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If you’ve heard anything about grading in any subject lately, it is probably all about standards-referenced grading. Today we’re specifically talking about standards-referenced grading in the art room. First, a little background.
Trying hard and being a good citizen are critical. So critical, in fact, that they should get their own space on the report card. Likewise, academic content should have its own space as well. No more saying, “You didn’t get it, but I’ll give you a B because you tried so hard.” That certainly doesn’t set a student up for success at the next level.
Homework is practice. It’s just the same as orchestra students taking their instruments home to prepare for class and concerts. Homework, wisely chosen homework, can be assigned, but it is not part of a student’s grade. Any homework you assign should prepare students for the work you do in class with them.
In a standards-referenced grading system, we move closer to evaluating the learning students do as they work towards mastery of the most vital art skills. Ever have a piece of student work turn out terribly, even though the student provided plenty of evidence that he or she understood the skill? The beauty of this system is that students can provide evidence in any number of ways over as much time as needed (within reason).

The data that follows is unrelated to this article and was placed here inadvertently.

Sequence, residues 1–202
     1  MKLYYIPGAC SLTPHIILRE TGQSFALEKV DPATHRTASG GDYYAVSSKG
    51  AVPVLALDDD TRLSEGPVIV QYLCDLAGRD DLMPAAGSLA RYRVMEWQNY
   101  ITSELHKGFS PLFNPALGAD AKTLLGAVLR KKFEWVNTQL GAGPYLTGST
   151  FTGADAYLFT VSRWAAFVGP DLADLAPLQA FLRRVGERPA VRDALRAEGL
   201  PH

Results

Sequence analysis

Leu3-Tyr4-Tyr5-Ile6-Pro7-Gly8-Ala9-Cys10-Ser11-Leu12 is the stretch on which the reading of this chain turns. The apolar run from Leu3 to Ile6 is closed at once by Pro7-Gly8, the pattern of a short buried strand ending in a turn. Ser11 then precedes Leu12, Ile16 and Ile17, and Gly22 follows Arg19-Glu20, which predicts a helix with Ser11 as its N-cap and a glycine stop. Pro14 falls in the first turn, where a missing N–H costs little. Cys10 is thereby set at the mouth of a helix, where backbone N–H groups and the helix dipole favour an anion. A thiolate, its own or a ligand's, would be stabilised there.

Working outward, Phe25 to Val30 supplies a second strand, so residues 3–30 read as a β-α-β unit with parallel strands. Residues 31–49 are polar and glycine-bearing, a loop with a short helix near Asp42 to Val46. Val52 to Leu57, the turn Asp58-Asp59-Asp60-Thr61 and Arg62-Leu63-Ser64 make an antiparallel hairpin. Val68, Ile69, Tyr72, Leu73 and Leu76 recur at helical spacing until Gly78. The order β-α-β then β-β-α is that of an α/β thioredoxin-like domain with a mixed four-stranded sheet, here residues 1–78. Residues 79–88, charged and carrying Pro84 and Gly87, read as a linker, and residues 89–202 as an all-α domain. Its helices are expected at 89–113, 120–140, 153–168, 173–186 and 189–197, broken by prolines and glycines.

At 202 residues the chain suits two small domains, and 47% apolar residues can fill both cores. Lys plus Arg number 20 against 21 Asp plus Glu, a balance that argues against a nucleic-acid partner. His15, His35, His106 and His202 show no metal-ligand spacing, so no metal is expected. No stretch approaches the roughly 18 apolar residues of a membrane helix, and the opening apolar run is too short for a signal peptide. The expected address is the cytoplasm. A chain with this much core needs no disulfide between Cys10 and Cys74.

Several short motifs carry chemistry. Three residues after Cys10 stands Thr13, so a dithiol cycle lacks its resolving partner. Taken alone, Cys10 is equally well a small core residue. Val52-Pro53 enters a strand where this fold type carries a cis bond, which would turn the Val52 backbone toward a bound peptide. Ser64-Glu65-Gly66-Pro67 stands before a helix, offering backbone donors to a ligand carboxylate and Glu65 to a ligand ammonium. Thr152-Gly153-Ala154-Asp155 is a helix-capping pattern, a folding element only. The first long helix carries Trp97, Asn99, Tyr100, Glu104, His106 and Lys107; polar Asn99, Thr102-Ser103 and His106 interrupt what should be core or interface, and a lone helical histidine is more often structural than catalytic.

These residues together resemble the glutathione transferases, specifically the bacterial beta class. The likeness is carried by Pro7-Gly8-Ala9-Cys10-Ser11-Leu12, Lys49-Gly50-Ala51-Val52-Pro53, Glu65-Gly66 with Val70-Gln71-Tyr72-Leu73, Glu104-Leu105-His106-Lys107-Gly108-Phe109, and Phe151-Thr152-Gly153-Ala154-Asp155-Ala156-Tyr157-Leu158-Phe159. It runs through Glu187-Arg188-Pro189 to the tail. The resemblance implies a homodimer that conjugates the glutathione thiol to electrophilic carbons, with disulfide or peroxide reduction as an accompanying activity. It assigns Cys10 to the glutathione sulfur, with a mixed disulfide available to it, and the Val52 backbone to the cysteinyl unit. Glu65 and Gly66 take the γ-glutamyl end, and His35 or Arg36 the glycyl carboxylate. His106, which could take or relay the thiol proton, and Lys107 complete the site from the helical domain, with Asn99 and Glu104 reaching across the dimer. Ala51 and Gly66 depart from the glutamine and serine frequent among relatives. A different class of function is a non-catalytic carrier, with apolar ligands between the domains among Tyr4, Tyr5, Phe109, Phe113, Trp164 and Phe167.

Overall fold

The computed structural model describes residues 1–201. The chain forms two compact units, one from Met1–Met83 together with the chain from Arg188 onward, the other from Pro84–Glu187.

Grades go beyond a system that can be gamed and manipulated by both students and teachers to a method of communication around student progress and next steps.
Interested in learning more about standards-referenced grading for your class? Start with this article on formative assessment (at the heart of SRG), then move over to Ed Leadership, The Robert Marzano Lab, and Rick Wormeli’s site.
Do you use a standards-referenced grading system? How does it work for you?
What questions do you still have about this way of grading?
Magazine articles and podcasts are opinions of professional education contributors and do not necessarily represent the position of the Art of Education University (AOEU) or its academic offerings. Contributors use terms in the way they are most often talked about in the scope of their educational experiences.